After plenty of childhood vacations to Florida or family visits in the northeast, it’s time for you to expand your horizons. We’re talking about going into the depths of the world and coming across some seriously beautiful places: caves, beaches, lagoons, and more.
You know those magical, too-good-to-be-true places that you’ve been collecting on your Pinterest boards? They exist. And they’re waiting for you to discover them.
1. Monterosso Beach in Cinque Terre, Italy
Monterosso al Mare is a beautiful village of Cinque Terre and has very few cars in the town, making for a peaceful atmosphere. The beach at Monterosso extends along the coastline and is the only long sand beach in Cinque Terre. The blue waters and bright houses make Monterosso Beach one of the most colorful destinations.
2. Marble Cave at General Carrera Lake in Patagonia, Chile and Argentina
The Marble Caves are located at the center of the General Carrera Lake. Over the past 6,000 years, waves have formed these caves into what is also known as the Marble Chapel and Marble Cathedral. The inside walls of the cave have different swirling marble colors, depending on the content’s impurities.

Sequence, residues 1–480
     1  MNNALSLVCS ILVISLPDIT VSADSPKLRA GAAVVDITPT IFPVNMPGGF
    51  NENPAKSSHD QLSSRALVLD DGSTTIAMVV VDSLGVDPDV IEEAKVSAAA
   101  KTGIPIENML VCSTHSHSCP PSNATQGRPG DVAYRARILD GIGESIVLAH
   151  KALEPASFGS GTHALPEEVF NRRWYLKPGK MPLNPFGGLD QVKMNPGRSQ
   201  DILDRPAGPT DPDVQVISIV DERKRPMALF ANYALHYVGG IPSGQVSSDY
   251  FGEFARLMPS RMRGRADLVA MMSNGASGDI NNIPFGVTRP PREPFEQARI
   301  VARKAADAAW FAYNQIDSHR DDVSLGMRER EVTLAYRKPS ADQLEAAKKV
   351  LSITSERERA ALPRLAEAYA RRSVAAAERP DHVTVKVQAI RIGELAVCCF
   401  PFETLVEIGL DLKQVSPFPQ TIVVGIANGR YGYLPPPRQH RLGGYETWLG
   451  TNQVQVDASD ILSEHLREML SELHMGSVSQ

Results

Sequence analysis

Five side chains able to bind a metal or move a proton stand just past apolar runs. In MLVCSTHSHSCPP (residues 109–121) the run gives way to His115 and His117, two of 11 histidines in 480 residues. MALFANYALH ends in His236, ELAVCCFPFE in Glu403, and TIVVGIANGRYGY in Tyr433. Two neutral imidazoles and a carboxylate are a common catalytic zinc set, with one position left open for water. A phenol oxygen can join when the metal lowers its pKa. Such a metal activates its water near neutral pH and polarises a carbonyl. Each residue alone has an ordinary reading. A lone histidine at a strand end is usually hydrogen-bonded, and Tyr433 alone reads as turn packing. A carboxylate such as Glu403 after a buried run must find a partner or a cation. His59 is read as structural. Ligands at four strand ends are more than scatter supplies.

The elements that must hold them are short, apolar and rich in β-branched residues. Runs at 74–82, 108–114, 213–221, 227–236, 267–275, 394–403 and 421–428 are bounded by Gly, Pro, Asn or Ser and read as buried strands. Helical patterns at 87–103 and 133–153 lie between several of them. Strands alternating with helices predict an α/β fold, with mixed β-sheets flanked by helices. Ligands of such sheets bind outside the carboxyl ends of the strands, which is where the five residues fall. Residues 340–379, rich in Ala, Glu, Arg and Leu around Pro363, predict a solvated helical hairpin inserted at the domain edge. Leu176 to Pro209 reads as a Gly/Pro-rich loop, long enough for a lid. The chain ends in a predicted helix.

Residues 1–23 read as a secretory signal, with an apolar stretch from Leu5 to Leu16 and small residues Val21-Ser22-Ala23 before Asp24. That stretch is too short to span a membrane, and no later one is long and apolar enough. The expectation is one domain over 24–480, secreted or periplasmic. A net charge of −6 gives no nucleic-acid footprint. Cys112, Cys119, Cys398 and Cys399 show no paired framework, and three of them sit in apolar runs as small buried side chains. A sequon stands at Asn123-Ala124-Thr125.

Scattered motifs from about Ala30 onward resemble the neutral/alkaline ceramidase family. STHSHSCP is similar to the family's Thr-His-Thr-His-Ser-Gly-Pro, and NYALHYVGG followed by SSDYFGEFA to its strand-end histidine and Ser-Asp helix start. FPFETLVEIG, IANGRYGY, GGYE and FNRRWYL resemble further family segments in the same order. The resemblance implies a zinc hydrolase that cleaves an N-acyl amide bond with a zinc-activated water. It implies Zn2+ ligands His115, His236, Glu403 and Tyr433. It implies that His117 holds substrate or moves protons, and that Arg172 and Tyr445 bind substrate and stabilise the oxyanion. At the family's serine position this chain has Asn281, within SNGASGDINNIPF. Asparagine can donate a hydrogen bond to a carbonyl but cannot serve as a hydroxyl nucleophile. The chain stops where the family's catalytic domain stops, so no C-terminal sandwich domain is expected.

3. Blue Lagoon, Iceland
The Blue Lagoon is a geothermal spa located in a lava field in southwestern Iceland. It is a man-made lagoon fed by the water output of a nearby geothermal power plant and is renewed every two days. The water is heated and vented from the ground near a lava flow. It is rich in minerals like silica and sulfur, providing healing properties for many things, including skin diseases like psoriasis.
4. Pig Beach in the Exuma Cays, Bahamas
Pig Beach is an uninhabited island in the Exuma Cays in the Bahamas. Feral pigs swim in the waters of the islands and are fed by locals and tourists. Visitors are taken by boat to Big Major Cay and head to this southernmost beach where they can swim and feed the pigs.
5. Zhangye Danxia landform in Gansu, China
These rainbow mountains of China are located in the Zhangye Danxia Landform Geological Park. For over 24 million years, colored sandstone and mineral deposits have been pressed together and locked in by tectonic plates, creating the colorful patterns. The mountains themselves were formed by years of rain, wind, and other natural elements.